Who can join Alice at that Tea Party without thinking of the current, shadowy “party” that bears the same label today? This is not to deny that much of what the Tea Partiers say, and believe, makes sense in the real world. But as was the case with its predecessors (the Populist party of the 1890s, the Perot movement of the 1990s)—and as was the case in Alice’s Wonderland—sense and nonsense are intimately intertwined in Tea Party discourse. Thus a proper concern for excessive government coexists with excesses such as former Colorado Congressman Tom Tancredo’s observation that “People who could not spell the word vote or say it in English put a committed Socialist ideologue in the White House.”                          

Much the same can be said of another Alice experience: the Caucus-Race, what she calls a “queer-looking party.” The Caucus-Race attracted a motley crew of characters. It also was circular and pointless, with no clear winner and prizes for all.                          

Nancy Pelosi is a slam-dunk for the Queen of Hearts.

The current Republican equivalent of the Caucus-Race, the runup to the primaries, will ultimately produce a candidate. But on the way to doing so, it not infrequently echoes its Wonderland forebear. When the Dodo in Wonderland declares that the best way for his pool-drenched fellow-creatures to dry off is to hold a Caucus-Race, the Mouse delivers an historical lecture in order to stupefy his audience, and thus speed along their dehydration. Heavy-lidded viewers of the recurrent candidate debates in the current GOP run-up can readily empathize.

No less surreal, and yet equally applicable to our own time, are the croquet match in Wonderland and what Alice calls the “huge game of chess…being played—all over the world,” which is the leitmotif of Through the Looking-Glass. These contests are disjointed and full of bizarre twists and turns: not inapt metaphors for our gathering electoral battle. Many a winded competitor today can relate to the Red Queen’s admonition to Alice: “Now here, you see, it takes all the running you can do to keep in the same place.”                       

Along with word-play and bizarre happenings, the Alice books are full of vivid near-people and more-than-animals. Do any of them resemble our current cast of characters?

Nancy Pelosi is a slam-dunk for the Queen of Hearts. “Off with their heads!” indeed. As for the bloodless, querulous King of Hearts: Harry Reid? And as things now stand, the president is ever more like the Cheshire Cat: most of him slowly fading away, leaving only a warm smile behind.                                                      

As for the time-obsessed White Rabbit: who among our contemporary public figures fears that he will be too late? Who doesn’t? Timothy Geithner and Ben Bernanke, in hot but fruitless pursuit of that elusive grail, Recovery, are likely prospects. So too are many in the field of Republican hopefuls. At least in the past, Romney has been perhaps the most White Rabbit-like. Some of his rivals are more apt candidates for the role of the Mad Hatter.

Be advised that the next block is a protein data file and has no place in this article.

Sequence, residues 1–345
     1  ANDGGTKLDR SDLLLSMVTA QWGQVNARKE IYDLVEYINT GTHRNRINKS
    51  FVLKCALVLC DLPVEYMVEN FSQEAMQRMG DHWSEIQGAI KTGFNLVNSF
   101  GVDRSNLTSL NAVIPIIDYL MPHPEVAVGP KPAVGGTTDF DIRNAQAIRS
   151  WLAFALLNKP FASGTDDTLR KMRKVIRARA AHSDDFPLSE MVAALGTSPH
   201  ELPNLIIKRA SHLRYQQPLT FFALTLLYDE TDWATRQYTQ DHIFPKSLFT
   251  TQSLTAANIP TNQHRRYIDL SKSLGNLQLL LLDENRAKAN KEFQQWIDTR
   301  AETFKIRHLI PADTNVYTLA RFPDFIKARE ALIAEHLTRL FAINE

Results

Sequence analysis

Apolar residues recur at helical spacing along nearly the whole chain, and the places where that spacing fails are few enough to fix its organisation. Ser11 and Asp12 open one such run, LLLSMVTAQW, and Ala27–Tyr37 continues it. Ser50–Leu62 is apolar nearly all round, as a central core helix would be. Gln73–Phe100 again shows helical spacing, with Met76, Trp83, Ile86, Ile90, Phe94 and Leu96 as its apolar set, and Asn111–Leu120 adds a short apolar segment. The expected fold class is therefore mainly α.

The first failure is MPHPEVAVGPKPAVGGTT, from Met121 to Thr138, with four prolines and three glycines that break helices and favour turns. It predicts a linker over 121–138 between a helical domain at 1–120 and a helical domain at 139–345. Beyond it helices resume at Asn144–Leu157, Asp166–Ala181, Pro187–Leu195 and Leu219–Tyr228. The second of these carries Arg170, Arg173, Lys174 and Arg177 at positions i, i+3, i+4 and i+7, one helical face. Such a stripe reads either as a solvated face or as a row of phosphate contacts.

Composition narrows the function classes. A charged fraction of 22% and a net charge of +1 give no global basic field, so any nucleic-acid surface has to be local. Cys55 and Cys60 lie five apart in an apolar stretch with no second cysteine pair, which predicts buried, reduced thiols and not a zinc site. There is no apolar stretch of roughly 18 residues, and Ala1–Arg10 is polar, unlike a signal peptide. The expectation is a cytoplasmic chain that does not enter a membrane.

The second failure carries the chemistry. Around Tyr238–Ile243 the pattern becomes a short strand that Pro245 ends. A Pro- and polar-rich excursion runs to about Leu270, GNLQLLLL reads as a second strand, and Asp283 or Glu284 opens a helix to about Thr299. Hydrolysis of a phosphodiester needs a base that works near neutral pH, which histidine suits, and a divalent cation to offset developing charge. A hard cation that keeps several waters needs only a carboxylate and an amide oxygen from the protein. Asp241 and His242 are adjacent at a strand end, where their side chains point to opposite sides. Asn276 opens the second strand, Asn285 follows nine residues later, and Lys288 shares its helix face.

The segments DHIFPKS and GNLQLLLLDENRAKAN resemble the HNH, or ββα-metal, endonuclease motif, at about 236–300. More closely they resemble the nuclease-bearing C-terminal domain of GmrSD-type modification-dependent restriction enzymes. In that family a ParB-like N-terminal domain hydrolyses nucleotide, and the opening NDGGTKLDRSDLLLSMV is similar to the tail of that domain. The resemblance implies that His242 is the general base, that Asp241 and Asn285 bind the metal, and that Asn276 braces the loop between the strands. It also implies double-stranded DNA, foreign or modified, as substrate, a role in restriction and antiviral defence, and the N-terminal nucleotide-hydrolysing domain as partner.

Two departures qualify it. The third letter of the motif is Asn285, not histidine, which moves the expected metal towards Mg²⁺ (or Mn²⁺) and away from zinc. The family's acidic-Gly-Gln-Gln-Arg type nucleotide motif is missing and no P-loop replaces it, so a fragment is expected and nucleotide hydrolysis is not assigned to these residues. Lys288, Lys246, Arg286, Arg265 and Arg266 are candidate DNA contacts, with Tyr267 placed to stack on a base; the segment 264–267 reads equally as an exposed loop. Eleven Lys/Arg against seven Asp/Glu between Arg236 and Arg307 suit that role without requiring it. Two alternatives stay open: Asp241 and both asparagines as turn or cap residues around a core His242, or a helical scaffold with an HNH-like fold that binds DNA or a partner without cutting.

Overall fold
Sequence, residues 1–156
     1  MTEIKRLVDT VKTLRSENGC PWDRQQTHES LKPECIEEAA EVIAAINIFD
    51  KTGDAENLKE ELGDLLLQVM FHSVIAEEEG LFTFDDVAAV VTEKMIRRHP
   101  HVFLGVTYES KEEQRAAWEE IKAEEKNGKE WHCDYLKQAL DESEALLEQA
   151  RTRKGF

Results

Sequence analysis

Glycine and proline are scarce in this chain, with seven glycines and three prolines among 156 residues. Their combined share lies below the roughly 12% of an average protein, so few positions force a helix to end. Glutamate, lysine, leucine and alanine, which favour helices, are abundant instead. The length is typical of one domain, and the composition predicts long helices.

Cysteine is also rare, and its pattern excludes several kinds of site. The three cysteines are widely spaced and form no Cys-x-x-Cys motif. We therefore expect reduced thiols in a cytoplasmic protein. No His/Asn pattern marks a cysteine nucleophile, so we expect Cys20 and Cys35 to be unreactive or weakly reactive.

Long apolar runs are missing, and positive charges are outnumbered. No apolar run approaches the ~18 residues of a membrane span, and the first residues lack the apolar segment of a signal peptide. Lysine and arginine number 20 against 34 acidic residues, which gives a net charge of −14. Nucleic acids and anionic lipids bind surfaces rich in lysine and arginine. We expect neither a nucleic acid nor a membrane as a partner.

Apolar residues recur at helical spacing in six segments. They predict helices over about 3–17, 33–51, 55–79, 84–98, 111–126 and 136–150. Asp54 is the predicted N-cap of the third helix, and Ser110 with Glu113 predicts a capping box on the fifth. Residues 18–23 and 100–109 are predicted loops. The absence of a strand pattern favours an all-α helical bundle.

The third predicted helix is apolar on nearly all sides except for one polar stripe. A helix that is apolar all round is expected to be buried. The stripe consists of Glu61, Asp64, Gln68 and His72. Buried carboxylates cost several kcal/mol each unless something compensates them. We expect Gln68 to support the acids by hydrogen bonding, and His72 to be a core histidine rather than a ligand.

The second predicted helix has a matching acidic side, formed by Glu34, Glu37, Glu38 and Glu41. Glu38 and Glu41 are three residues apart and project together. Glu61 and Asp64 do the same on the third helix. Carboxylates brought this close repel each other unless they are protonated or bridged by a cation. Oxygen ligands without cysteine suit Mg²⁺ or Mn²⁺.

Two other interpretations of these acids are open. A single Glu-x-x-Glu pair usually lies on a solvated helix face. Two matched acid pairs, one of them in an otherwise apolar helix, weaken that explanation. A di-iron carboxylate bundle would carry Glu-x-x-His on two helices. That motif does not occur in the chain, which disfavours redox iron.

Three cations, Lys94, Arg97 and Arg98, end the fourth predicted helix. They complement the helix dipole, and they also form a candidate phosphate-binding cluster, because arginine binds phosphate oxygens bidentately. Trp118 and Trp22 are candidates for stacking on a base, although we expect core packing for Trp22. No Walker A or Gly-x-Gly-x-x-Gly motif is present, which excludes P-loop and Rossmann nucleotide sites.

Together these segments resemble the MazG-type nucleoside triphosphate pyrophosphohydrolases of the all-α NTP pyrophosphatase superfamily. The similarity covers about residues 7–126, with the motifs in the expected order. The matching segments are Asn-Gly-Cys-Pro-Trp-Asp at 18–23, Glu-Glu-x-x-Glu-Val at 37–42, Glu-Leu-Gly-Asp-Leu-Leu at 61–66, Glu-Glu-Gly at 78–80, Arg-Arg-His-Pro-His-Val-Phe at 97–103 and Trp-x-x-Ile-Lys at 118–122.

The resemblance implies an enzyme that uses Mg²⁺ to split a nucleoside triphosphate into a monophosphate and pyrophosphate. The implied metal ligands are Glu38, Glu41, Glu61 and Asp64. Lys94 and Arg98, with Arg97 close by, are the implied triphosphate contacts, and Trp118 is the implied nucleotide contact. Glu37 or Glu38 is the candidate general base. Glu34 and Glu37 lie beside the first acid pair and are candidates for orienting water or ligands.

The characters of Tweedledee and Tweedledum came to embody the traditional view that the major parties are given over to undifferentiated sound and fury rather than standing for something. But in our hyperbolic political age, we have to account for more impassioned and opinionated voices.                                               

The Leftworld and Rightworld versions of Wonderland are stocked with people who are as opposed to each others’ views as they are similar in their modes of expression. The Tea Party, an entity as difficult to pin down as the Jabberwock, is the most conspicuous instance of this new model of political identity. In a less popular (and populist) sense, a predecessor was the Neoconservative movement (the Neocons), who championed principles of foreign policy much as Tea Partiers do principles of domestic policy.

Leftworld counterparts include entertainment mediacrities like Oliver Stone and Michael Moore, who never met a Communist tyrant they didn’t like. Their whitewashes of Castro and Chavez inject into our political discourse the fantasies of the old Marxist Left: a Neocommunism of sorts. May we call them Neocoms? 

In its manifest inequity, erratic procedure, and unclear purpose, the Red Queen’s intermittently conducted trial of an inconsequential figure accused of an indefinite offense is a fine stand-in for many a Congressional hearing or media feeding frenzy. The King’s instruction to a witness (“Give your evidence and don’t be nervous or I’ll have you executed on the spot”) and the trial’s peculiar procedure (“Sentence first—verdict afterwards”) inevitably summon up memories of one or another contemporary mini-drama. When witness Alice concedes to knowing nothing, the King observes that this is important, and orders the jury to write it down. A popular joke from the Clinton-Gore years has the vice president visiting a government agency. He asks one functionary what he is doing; the answer is “nothing.” He asks another one, and gets the same reply. He instructs his secretary to make a note: “There’s a redundancy here.”                   

Alice’s dream-time in Wonderland ends with her recognition that the characters hectoring her are, in truth, nothing more than a deck of cards. Here we take leave of allegory. Our Wonderland of election-games, of Rightworld and Leftworld, is all too real: indeed, the only political reality we have. But that only adds to the value of observing Alice on her descent into Wonderland, or her journey through the looking-glass into a counter-world in which “things go the other way.” Sometimes looking through a glass, however darkly, illuminates truths not evident in the quotidian light of day.